The Boy Who Cried Bubble: Public Warnings Against Riding Bubbles
AbstractGovernments seemed unsuccessful in their attempts to stop bubbles through the use of warnings. This paper examines the effects of public warnings using a simple model of riding bubbles. We show that public warnings against a bubble can stop it if investors believe that the government issues such warnings only after bubbles start. Moreover, the bubble may crash before the warning. If there is the possibility that the government issues a warning even though bubble does not occur, then warnings cannot stop the bubble immediately. Our model suggests that, for public warnings, it is not type-II errors but rather type-I errors that are important in preventing bubbles. Public warnings are effective when they provide information to less-informed investors.
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Bibliographic InfoPaper provided by Center for Advanced Research in Finance, Faculty of Economics, The University of Tokyo in its series CARF F-Series with number CARF-F-282.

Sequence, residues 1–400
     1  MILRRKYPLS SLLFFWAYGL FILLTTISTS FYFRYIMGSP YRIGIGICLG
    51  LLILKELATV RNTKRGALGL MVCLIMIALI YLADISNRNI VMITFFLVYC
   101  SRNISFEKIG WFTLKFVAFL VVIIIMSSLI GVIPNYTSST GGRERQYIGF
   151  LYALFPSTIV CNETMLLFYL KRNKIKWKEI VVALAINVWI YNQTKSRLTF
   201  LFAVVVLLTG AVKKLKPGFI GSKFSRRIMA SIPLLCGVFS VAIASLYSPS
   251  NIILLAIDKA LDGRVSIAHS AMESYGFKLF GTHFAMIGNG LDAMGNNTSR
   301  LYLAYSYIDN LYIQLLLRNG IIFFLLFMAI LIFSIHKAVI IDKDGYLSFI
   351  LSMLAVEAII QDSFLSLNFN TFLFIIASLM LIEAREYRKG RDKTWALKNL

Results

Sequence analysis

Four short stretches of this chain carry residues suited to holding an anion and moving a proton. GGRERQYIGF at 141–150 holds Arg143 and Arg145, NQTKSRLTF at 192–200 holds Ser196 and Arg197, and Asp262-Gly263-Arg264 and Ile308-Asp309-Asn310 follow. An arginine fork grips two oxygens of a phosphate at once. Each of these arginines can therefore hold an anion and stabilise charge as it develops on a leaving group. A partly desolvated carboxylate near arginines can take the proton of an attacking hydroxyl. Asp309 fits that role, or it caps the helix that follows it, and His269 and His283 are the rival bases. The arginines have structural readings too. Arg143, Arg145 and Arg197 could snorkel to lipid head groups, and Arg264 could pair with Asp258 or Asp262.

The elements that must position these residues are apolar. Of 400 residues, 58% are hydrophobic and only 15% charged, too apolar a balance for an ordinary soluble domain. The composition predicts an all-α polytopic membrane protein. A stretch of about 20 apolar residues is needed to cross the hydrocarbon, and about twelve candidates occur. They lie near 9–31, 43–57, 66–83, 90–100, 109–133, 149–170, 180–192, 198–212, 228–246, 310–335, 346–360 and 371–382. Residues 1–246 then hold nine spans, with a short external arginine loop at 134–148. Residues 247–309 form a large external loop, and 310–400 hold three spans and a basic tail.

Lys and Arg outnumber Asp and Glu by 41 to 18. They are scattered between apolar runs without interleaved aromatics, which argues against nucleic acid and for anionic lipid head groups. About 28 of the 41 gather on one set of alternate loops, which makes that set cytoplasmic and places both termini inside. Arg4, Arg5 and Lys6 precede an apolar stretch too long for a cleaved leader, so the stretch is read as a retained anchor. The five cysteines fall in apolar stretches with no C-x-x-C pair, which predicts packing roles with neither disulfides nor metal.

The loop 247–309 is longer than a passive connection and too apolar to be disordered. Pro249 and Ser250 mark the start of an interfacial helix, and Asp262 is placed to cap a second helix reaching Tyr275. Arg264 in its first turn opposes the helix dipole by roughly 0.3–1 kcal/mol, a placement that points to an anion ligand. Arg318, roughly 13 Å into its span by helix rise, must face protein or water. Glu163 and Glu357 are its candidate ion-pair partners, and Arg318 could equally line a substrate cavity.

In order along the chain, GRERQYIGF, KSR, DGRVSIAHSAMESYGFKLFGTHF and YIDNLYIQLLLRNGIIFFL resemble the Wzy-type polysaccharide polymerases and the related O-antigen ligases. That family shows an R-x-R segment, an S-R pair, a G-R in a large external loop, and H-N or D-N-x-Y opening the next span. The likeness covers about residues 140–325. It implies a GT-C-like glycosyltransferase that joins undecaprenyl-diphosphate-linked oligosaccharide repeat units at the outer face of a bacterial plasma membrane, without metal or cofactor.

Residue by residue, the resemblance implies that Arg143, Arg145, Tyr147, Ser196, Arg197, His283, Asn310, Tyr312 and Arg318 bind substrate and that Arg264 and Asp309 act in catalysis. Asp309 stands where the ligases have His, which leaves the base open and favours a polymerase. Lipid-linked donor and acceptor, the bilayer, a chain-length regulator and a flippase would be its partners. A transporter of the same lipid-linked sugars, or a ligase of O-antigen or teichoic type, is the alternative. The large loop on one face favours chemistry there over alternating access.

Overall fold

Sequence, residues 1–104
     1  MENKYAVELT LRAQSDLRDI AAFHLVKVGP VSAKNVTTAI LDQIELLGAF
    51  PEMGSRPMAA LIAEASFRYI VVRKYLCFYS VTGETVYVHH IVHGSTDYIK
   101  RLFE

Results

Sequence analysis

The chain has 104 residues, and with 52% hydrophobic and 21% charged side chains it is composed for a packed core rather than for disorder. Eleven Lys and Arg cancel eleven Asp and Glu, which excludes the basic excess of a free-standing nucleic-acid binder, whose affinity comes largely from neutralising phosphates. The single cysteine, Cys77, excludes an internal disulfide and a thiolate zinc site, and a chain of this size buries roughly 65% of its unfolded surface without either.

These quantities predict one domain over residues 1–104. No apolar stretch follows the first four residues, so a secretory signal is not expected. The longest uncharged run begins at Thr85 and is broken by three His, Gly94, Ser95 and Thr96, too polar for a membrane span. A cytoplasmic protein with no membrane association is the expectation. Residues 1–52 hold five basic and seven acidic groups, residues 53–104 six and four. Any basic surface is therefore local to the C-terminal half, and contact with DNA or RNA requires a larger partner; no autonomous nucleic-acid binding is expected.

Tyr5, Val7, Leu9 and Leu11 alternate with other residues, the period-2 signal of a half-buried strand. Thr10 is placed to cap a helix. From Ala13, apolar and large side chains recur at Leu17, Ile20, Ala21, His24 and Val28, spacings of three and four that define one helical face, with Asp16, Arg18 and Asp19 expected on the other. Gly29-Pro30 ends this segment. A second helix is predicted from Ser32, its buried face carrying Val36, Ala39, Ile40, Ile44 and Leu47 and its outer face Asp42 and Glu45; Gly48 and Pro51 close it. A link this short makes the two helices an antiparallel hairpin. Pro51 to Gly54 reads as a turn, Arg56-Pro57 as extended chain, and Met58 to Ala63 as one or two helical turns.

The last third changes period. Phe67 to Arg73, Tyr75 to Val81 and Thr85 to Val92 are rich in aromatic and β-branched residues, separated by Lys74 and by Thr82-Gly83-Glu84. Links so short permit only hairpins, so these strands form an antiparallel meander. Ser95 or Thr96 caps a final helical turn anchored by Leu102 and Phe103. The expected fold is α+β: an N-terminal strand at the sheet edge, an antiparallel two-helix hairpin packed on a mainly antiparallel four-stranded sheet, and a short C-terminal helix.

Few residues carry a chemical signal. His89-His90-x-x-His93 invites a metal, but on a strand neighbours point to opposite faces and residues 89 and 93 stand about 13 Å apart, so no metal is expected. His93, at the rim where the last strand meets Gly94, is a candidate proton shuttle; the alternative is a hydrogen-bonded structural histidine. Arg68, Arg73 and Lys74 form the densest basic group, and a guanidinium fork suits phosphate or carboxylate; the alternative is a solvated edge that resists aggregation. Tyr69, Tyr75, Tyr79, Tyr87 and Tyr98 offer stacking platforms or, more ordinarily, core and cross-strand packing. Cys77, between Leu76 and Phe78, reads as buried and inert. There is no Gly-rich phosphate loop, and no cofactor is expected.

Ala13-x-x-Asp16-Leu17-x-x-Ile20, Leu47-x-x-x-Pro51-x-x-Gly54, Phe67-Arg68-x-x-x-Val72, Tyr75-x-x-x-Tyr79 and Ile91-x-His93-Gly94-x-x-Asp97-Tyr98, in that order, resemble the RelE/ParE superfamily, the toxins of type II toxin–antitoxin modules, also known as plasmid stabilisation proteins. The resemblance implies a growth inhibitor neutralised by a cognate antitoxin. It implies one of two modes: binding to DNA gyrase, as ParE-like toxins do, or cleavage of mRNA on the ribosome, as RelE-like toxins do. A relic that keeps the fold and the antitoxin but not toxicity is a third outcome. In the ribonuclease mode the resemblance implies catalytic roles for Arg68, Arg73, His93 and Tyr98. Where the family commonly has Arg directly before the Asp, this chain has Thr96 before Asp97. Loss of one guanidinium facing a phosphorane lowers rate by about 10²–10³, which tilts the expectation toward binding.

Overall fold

Length: 39 pages
Date of creation: Jun 2012
Date of revision:
Other versions of this item:
- Yasushi Asako & Kozo Ueda, 2014. "The Boy Who Cried Bubble: Public Warnings against Riding Bubbles," CAMA Working Papers 2014-03, Centre for Applied Macroeconomic Analysis, Crawford School of Public Policy, The Australian National University.
- Asako, Yasushi & Ueda, Kozo, 2014. "The boy who cried bubble: public warnings against riding bubbles," Globalization and Monetary Policy Institute Working Paper 167, Federal Reserve Bank of Dallas.
- C72 - Mathematical and Quantitative Methods - - Game Theory and Bargaining Theory - - - Noncooperative Games
- D82 - Microeconomics - - Information, Knowledge, and Uncertainty - - - Asymmetric and Private Information; Mechanism Design
- D84 - Microeconomics - - Information, Knowledge, and Uncertainty - - - Expectations; Speculations
- E58 - Macroeconomics and Monetary Economics - - Monetary Policy, Central Banking, and the Supply of Money and Credit - - - Central Banks and Their Policies
- G12 - Financial Economics - - General Financial Markets - - - Asset Pricing; Trading Volume; Bond Interest Rates
- G18 - Financial Economics - - General Financial Markets - - - Government Policy and Regulation
This paper has been announced in the following NEP Reports:
- NEP-ALL-2012-07-23 (All new papers)
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